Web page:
Resources | Market Trends | March 28, 2022

Can the US Revive Semiconductor Manufacturing – and Will It Matter?

Supply chain woes are leading the US and other countries to reinvest in domestic production.

Supply chain woes are leading the US and other countries to reinvest in domestic production.

Around the world, supply chains are slowing down because of a shortage in semiconductor chips, the vital electronic components that serve as the digital brains of everything from automobiles to washing machines. 

That’s why it’s taking months to get new cars shipped to dealership lots, and why it’s a feat to score the hottest video game consoles or grab the latest smartphone and tablet models.

Demand for semiconductors is hot. According to the Semiconductor Industry Association, global semiconductor industry sales hit $50.7 billion in January 2022, up 26.8% year over year (YoY). C2FO data, based on millions of invoices loaded into its platform, shows semiconductor spend was up 18.2% in March on a YoY basis.

There are several compounding factors that are driving the shortage in semiconductors: pandemic lockdowns of factories and seaports, more people clamoring for consumer electronics, and fires and extreme weather impacting semiconductor plants. For example, extreme droughts last year in Taiwan, a major center for semiconductor manufacturing, further exacerbated supply chain issues.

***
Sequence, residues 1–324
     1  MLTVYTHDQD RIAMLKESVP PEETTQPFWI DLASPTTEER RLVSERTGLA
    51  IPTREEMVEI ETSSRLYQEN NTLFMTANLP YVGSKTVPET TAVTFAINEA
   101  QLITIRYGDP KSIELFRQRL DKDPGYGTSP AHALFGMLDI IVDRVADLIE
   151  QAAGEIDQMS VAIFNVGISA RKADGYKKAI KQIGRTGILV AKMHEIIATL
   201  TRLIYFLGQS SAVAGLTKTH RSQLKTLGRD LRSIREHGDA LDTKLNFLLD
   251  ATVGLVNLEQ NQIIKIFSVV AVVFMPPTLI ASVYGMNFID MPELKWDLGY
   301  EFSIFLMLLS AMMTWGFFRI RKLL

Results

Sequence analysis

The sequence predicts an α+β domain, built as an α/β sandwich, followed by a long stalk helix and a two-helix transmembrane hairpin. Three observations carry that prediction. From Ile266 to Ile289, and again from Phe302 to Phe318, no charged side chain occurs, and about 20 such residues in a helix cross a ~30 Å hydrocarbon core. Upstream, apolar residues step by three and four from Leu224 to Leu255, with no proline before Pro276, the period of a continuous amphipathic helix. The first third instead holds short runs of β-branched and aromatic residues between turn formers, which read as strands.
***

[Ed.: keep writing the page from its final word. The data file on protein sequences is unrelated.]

The Russian invasion of Ukraine is projected to further impact the semiconductor supply chain because Ukraine is responsible for 50% of the world’s neon gas, which is used in the manufacturing process, Wired reports. As a result, prices for neon gas are expected to increase, which could create a ripple effect that both restricts availability and drives prices even higher for some electronics.

Because of these pressures, countries such as India and Canada are scrambling to strengthen their semiconductor supply chains by building up their own homegrown industries for chipmaking, the majority of which happens in Taiwan.

The United States is no different. There has been a slew of recent activity, both public and private, to boost the chip industry. What are the potential benefits — and pitfalls — of this push? Let’s take a closer look. 

How we got here

While Asia leads as a producer of semiconductors, the technology was pioneered by American engineers and companies, from Bell Telephone Laboratories’ development of the transistor in 1947 to the creation of the microchip in 1958 by engineers at Texas Instruments and Fairchild Semiconductor Corp.

“America invented these chips. And federal research and development led to the creation of these chips — taxpayer dollars. These chips helped power NASA’s mission to the moon,” said President Joseph Biden at a speech on Jan. 21, 2022.

“And federal investment helped bring down the cost of making chips — to build a market and an entire industry,” Biden continued. “As a result, over 30 years ago, America had about 40 percent of the global production. But since that time, something happened. American manufacturing — the backbone of our economy — got hollowed out. Companies moved jobs and production overseas, especially from the industrial Midwest.”